The owner of Branston Pickle stocked up on some of Britain’s best known brands after agreeing the #1.2 billion takeover of Hovis owner RHM yesterday.
Premier Foods will become the UK’s biggest food producer following the tie-up, which adds names such as Mr Kipling and Bisto gravy to a portfolio that already boasts Crosse & Blackwell products and Bird’s custard.
With annual sales in excess of #2.6 billion, the proposed company should be in a stronger position with the UK’s increasingly powerful supermarket chains.
The merger will produce annual costs savings and other benefits worth #85 million a year, which Premier admitted would involve job losses.
The Transport and General Workers Union, which represents over 2,000 workers at RHM's bakeries said they were concerned by the threat of cuts.
Brian Revell, T&G national organiser for food and agriculture said: "We will be looking for assurances on both issues and will be urging Premier to meet with us as soon as possible.
"This takeover bid does pose questions as Premier will, no doubt be looking to cut costs."
However, Premier said it was too early to discuss the impact on the combined workforce. St Albans-based Premier has 3,000 staff, some of which work at its Stafford factory producing Cadbury's hot chocolate.
RHM, which has a bakery in Birmingham, has more than 15,000 people at 50 locations in the UK and France.
Premier chief executive Robert Schofield said the two companies had been talking for more than a year about a possible merger.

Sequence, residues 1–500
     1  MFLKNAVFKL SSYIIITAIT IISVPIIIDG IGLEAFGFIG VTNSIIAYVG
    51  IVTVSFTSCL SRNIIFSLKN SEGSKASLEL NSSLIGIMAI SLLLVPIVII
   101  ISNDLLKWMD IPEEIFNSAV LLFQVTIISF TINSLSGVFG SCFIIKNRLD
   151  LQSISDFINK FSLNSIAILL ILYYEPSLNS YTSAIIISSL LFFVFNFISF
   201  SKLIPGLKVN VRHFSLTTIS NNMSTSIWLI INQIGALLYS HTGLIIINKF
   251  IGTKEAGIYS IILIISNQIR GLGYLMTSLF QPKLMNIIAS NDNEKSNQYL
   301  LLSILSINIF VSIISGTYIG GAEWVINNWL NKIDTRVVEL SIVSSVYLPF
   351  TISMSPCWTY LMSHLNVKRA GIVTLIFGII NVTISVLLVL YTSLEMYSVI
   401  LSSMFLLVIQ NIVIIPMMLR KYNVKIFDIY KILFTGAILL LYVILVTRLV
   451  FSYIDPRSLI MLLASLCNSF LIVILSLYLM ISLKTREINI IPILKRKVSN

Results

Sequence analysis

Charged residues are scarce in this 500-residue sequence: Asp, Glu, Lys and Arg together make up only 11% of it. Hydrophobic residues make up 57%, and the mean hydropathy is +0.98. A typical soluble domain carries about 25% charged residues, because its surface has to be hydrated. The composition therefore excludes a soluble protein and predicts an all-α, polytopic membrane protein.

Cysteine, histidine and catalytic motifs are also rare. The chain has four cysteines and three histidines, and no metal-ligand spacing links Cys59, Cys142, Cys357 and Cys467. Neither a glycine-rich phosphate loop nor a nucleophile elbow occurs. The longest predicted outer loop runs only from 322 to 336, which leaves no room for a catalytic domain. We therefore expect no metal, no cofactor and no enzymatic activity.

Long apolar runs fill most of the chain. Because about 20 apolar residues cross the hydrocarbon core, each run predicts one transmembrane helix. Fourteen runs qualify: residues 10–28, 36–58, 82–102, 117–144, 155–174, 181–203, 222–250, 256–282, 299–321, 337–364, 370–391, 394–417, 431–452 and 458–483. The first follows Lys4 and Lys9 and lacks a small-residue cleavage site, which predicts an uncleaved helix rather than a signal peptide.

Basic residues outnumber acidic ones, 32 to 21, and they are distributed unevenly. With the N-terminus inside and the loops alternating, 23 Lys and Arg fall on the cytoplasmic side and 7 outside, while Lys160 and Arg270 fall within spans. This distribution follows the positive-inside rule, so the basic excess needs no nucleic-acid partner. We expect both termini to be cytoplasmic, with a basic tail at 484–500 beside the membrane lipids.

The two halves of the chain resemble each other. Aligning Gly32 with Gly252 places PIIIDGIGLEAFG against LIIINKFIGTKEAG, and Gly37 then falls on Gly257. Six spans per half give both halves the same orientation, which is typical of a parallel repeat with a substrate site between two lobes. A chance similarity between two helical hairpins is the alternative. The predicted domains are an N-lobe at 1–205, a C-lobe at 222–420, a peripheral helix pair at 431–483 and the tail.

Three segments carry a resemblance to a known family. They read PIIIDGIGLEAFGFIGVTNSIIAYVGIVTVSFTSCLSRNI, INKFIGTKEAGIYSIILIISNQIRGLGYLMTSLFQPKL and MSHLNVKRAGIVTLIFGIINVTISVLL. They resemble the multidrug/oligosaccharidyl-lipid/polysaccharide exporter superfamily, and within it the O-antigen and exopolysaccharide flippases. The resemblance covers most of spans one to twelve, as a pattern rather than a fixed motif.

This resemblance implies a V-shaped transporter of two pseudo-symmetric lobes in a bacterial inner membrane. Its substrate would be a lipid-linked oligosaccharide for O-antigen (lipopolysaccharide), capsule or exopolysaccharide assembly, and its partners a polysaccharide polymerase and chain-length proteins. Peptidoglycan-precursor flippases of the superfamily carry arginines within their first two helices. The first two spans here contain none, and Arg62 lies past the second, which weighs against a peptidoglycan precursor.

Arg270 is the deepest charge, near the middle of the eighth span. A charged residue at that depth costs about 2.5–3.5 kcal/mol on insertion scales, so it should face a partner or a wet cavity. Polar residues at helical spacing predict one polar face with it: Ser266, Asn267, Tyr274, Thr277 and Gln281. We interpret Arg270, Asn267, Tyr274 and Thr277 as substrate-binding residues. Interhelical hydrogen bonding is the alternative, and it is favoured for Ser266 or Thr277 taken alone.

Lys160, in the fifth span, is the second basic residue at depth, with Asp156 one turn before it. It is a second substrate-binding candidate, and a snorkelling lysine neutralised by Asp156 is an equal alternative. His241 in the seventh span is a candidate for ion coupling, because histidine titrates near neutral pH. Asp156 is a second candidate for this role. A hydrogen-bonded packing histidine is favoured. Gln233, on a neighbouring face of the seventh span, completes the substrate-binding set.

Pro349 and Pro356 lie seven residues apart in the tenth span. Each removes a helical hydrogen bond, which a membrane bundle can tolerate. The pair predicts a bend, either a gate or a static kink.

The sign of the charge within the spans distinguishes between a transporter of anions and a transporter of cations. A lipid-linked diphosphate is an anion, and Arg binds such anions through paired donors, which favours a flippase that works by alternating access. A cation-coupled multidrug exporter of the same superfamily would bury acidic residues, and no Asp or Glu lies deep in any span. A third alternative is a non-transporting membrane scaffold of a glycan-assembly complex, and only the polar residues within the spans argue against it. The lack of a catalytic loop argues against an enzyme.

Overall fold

He said: "We’ve known for some time that this is a combination that had to happen.
"This is a natural combination that has compelling industrial logic."
Premier Foods has been a regular on the acquisition trail since it listed on the stock market two years ago, buying the UK arm of Oxo and Homepride firm Campbell’s Soup for #450 million in July.
However, it failed in its effort to buy McVitie’s, Penguin and Jaffa Cake owner United Biscuits in a #1.7 billion deal over the summer.
Mr Schofield said his company had picked up some "tremendous British brands".
RHM’s breads divisions sells products such as Hovis and Mother’s Pride, while its culinary brands arm has well-known names such as Bisto, Paxo, Sharwoods, McDougalls and Robertson’s. The cakes division is the largest in the UK, with brands such as Mr Kipling, Cadbury’s and Lyons.
Premier Foods’ other brands include Hartley’s, Angel Delight and Quorn.
Bucks-based RHM has endured some challenging trading conditions since its flotation last year. The group supplies around one third of the UK’s daily bread, delivering in excess of two million fresh loaves and rolls to more than 9,000 supermarkets and small independent stores nationwide every day.
It took urgent action to revive the performance of its Mr Kipling business earlier in the year, while recent trading has been impacted by a huge increase in wheat prices.
Jan du Plessis, chairman of RHM, admitted the high wheat prices were an issue. He said: "It is fair to say that business is having difficulty, but Hovis is taking market share. The underlying brand is very strong."
Premier said it had no plans to sell any of the brands being bought yesterday. It will keep RHM’s breads operation as a standalone division, while integrating cakes and culinary brands into its own grocery arm.
The offer represents a premium of almost 30 per cent on the RHM share price prior to the deal being announced. RHM investors are being offered a mixture of cash and Premier shares in a deal which values each RHM share at 352.45p.
RHM was sold to a private equity group in 2000 for over #1.1 billion by engineering firm Tomkins – which grew out of the Walsall-based F H Tomkins Buckle Company.
Premier Foods' shares closed up 12.5p at 282p